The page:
According to a study by two researchers from the Autonomous University of Madrid, one of the main reasons for people’s trust in alternative therapies is that the general public does not distinguish them from science. Consumers of homeopathy and acupuncture tend to be women with a medium-high socioeconomic level and higher education.
The scientific appearance of homeopathic products makes the general public believe they are based on scientific evidence / Pixabay
In 2018, the 9th FECYT Survey on the Social Perception of Science revealed that one in five Spaniards has at some time used pseudo-scientific remedies, such as homeopathy, the laying on of hands (Reiki) or acupuncture.
For the survey, 5,200 interviews were carried out in all autonomous communities, with questions being asked about scientific knowledge and opinion on science and alternative therapies.
Two researchers from the Autonomous University of Madrid have now published an analysis of these data in Health Communication magazine in order to collect the factors that determine trust in these pseudo-therapies, complemented by qualitative interviews.
One of the main conclusions of the study is that “trust in alternative therapies is not incompatible with a knowledge of and interest in science,” as Josep Lobera, a co-author of the study, tells SINC. To reach this conclusion, the answers of respondents who were in favour of pseudo-therapies were cross-referenced with those expressing trust in science and scientific knowledge. The authors discovered that in many cases these two factors coincided.
“There is no contradiction among the general public between a strong belief in science and a lot of trust in homeopathy,” explains Lobera. “We can observe that, contrary to what happens with superstitious beliefs such as horoscopes, most people who trust homeopathy or acupuncture don't see it as different from conventional medicine.”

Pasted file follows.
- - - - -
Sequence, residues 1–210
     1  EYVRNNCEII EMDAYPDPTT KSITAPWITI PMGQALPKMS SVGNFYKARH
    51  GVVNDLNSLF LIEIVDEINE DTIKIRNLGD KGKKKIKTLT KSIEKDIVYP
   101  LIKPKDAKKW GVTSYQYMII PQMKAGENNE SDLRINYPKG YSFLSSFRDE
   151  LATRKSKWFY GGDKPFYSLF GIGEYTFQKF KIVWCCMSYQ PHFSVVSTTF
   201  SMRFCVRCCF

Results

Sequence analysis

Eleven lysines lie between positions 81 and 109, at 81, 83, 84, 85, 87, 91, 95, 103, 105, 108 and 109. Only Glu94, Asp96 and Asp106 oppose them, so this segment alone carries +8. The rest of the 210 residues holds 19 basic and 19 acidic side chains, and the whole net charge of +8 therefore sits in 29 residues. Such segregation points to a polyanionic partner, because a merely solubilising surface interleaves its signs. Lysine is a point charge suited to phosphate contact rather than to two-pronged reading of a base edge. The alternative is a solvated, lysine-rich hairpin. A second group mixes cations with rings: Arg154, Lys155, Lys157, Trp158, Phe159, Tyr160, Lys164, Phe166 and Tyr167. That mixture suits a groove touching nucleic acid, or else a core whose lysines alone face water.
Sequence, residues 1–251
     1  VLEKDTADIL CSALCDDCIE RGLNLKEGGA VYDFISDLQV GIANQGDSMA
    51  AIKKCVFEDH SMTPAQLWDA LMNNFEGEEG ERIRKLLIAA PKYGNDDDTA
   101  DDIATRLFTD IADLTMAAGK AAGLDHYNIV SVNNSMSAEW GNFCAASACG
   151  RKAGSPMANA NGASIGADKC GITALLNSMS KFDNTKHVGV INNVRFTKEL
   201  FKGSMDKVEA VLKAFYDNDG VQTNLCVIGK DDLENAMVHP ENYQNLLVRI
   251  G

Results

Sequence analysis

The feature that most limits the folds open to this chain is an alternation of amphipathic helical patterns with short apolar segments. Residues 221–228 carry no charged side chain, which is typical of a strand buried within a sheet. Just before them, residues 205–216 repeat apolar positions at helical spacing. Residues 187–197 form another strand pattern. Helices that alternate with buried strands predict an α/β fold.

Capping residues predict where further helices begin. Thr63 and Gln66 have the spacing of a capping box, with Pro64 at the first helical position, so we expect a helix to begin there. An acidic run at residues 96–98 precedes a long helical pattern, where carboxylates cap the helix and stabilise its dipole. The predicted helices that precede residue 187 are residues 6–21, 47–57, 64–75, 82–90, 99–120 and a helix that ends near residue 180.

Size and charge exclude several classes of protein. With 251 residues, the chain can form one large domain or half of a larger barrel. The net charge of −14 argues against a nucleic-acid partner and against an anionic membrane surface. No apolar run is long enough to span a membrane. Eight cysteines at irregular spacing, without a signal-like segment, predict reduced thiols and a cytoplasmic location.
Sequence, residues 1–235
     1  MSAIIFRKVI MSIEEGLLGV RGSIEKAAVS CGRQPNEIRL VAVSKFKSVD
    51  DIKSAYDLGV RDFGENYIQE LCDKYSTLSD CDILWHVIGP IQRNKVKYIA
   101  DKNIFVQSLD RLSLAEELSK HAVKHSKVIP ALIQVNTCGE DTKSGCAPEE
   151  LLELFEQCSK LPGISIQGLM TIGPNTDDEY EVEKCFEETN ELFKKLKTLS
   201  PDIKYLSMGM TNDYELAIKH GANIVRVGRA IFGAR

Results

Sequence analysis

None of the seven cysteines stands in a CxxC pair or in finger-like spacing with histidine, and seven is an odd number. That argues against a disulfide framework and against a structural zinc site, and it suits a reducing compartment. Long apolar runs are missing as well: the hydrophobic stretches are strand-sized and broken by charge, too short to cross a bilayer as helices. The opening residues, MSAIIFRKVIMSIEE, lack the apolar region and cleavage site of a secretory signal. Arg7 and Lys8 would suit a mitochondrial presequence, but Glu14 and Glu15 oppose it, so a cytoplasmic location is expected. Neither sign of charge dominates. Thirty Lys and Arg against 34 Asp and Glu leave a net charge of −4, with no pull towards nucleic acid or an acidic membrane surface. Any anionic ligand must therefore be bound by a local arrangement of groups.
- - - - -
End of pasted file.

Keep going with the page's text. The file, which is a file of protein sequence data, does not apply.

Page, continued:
According to sociologists, this shows a confusion among the general public about what has and does not have scientific validation, as well as a lack of knowledge of “what is meant by something not having any.”
'Farmacia de la Estrella' in Buenos Aires. / Estrella Herrera
Based on these results, the researchers propose that this confusion may be due to its scientific appearance. “They are sold in pharmacies in boxes that look like medicines, with leaflets, posology, etc. This, together with a moderate scientific culture among the Spanish general public, is one of the main factors that make people trust them,” states the researcher.
These data contradict the most common interpretations of trust in alternative therapies, which are believed to be based on anti-science attitudes.
According to Lobera, “among the general public, the use of homeopathy is not based on a rejection of science. This may be the case with a minority that generates an alternative construction to scientific knowledge, but the study shows that this is not so with the general Spanish population.”
The survey also breaks down the data by gender, age, educational and economic level, which made it possible to confirm that users of homeopathy and acupuncture usually have higher education. “According to the data, university studies protect you from trust in superstitions, but not from trust in pseudo-therapies,” he explains.
Users, more specifically, tend to be of women, which the researchers believe is due to the “caring role traditionally associated with them in society,” and of a medium-high socio-economic level.
In addition, the model confirms what had already been taken into account in other works regarding the influence of conspiracy theories against pharmaceutical companies. “Many people who rely on alternative therapies have a discourse of distrust in major drug companies. They believe there is a concealment of positive results,” says Lobera.
“What’s interesting,” he continues, “is that homeopathy producers are also major pharma corporations.”
Because of all this, the researchers believe that the solution to this confusion lies in more scientific information and culture. “It’s important to carry out campaigns that bring up the fact that there are certain products being sold in pharmacies that haven’t undergone a scientific validation process, as there’s still a part the population that don’t know this and are unaware of the importance of these validation processes,” concludes Lobera.
Lobera, J.; Rogero-Garc’a, J. (2020). "Scientific Appearance andHomeopathy. Determinants of Trust in complementary and alternative medicine". Health Communication.